Jim Beck is the author of Patient Zero. You can find my review of the book, as well as a giveaway here.
Thank you for taking the time to interview with Waiting on Sunday to Drown. For starters, why don’t you tell us all a little about yourself?
Let's see. I'm a writer (obviously). I'm married. I have one son and one dog. I've been writing for more years that I'd care to admit. I've written a small creature feature, produced a feature and short, and had a brief stint writing for Pink Panther and Pals on Cartoon Network. I love writing, movies, television, and reading. I've had meetings with agents and producers, even at Paramount, but I'm still waiting for my big break. Currently, I am finishing up a superhero story called Virgil: A Superhero Tale, and I have a couple of novel series (Alter Ego and Pest Control), what I call "TV in Prose," which each have a few episodes/issues published. And I'm only getting started.
Why did you decide to write about zombies?
At the time that I came up with the idea for Patient Zero, I had already written stories about aliens, time travel, superheroes, monsters, the devil, teens, etc. Oddly enough, I started sketching out the story a couple years before the recent zombie craze started. It just seemed like a challenging subject to write about, because zombies are typically background characters who only serve as fodder. Which is why I wanted to write a story from the zombie's POV.
In Patient Zero the story is told from the point of view of the virus that causes the zombie outbreak. I found this to be an interesting and a unique twist on the typical zombie story. It was also interesting for me to get inside Bob’s head and read his reactions to the changes, which is something you don’t normally get to see in the movies. What was your inspiration in telling the story in this style?
I had written the story in screenplay form, and the original version wasn't written with any narration. The idea for telling the story from the virus' POV came after I decided to make it my first full novel. I knew there were a number of zombie books and stories out there by that time, so I wanted to help it stand out amongst the crowd. And, as it turns out, it made the story more fun.
Do you have a process of setting the mood for writing? (ie. Like a soundtrack you listen to?)
I can pretty much write at any time, but I do better when there's not much sound. I've tried writing when I have music playing, but I don't seem to be as productive. From time to time, however, I will listen to a certain piece of music -- maybe AC/DC or an equivalent -- to get the right mood going, or to try and match what's happening in a given point of the story. For example, if there was a bunch of action coming up, I might listen to something with a faster beat. For a chase, I might switch to something silly like Weird Al.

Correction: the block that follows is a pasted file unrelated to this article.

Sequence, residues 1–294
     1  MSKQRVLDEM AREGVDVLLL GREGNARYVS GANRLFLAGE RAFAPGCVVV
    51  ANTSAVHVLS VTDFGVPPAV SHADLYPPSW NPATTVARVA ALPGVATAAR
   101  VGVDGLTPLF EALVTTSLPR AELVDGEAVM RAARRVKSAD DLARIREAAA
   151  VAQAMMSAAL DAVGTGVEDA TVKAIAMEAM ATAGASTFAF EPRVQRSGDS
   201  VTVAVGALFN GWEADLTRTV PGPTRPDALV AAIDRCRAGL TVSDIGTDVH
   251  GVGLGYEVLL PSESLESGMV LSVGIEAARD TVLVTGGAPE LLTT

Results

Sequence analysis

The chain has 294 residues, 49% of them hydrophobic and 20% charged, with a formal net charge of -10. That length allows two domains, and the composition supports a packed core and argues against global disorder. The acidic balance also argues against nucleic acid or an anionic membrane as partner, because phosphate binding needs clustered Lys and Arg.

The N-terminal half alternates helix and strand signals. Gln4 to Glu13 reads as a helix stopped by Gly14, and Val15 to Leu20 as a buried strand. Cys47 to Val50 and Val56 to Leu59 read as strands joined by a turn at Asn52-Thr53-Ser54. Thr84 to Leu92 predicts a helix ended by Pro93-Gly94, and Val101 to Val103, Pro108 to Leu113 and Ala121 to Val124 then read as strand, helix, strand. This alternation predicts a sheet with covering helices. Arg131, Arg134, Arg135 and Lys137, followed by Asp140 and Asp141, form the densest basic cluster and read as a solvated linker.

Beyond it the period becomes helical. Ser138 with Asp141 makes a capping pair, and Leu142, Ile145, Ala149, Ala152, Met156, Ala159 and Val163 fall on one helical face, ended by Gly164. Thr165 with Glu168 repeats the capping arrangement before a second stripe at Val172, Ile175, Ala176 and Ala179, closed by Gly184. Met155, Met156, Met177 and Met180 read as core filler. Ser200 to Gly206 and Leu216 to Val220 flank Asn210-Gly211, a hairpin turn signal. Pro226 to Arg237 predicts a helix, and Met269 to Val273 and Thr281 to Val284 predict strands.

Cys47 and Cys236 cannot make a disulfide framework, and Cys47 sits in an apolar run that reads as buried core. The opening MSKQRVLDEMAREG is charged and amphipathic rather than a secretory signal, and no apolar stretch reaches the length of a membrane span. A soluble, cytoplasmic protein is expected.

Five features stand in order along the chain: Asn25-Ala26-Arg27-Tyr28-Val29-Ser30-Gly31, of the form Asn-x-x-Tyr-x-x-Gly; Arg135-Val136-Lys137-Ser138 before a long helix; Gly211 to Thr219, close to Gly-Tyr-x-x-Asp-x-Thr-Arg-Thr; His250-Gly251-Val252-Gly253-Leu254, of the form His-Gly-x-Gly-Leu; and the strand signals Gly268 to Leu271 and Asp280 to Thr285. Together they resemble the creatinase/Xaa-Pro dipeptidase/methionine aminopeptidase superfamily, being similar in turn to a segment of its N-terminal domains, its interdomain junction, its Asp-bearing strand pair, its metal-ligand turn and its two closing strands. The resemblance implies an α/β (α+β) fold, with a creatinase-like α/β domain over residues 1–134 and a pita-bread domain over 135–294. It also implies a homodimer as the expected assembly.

What do you believe is behind the current fascination with zombies?
I really have no idea. There have always been zombie movies and stories, but not quite so many. Monsters seem to come in droves. Vampires, zombies, alien invasions ... personally, I think we could use more werewolf stories (not just in a vampire-human-werewolf love triangle).
Do you believe that there is a real chance of a zombie outbreak someday in our future? If there is a zombie outbreak, do you think it will more likely be a mutated virus, a government experience gone wrong, or something else?
Honestly, no. In a strictly scientific sense, a zombie outbreak just isn't possible. But the idea of it makes great stories. If it were to happen, though, I would have to say a mutated virus. I will also admit that out of all the end-of-world scenarios, I'd either go with this or an alien invasion. Anything else sounds boring.
What is your favorite zombie movie? Did you like zombie movies growing up or are zombies a more recent interest for you?
Zombies are a more recent interest. I had the idea for Patient Zero when I met my wife, but hadn't written it yet. My wife was a huge fan and, for the record, she was a zombie nerd (dressing up and all that) long before it was cool to be a zombie nerd. Regardless, I scored major points when I told her my zombie idea.
Zombies have started eating people in the town next do yours. Do you stay or do you go? Who and what do you take with you to better your chances of survival.
That's a tough one. It depends on the situation. If my family was home, I might try to fortify the house. I'd take all of our supplies upstairs, run water in the bathtub in case the water gets shut off, and find a way to destroy the stairs to keep zombies from climbing up. If they weren't home, I'd have to go get 'em. And of course, if I could buy some guns without a waiting period, that would be great, too.
If they ever make a movie out of Patient Zero who would be your ideal cast? Who would be the narrator for the virus?
Well, let's see ... I've already earmarked Seann William Scott as a superhero for my next book, so for Patient Zero, it would be Alexis Denisof, who played Wesley on the Joss Whedon series, Angel. He does extremely well as an everyman who slowly devolves into madness at times. For Nate, I would say Johnny Simmons (from Jennifer's Body and Scott Pilgrim), because he was in a faux trailer for a movie I wrote a few years ago and he's immensely talented. As for the narrator, is Morgan Freeman available? He's played God, so surely he can pull off a virus.
What kind of zombie do you find scariest? The slow moving addled ones that just want to eat everything in their path, or the fast moving ones that figure out how to open doors?
Definitely fast, without a doubt. Slow zombies would give us a fighting chance. Trying to run from fast zombies would basically be an eternal game of tag. And eventually, everybody loses at tag.
Check out Jim's book Patient Zero, and be sure to come back tomorrow for Jim's guest post.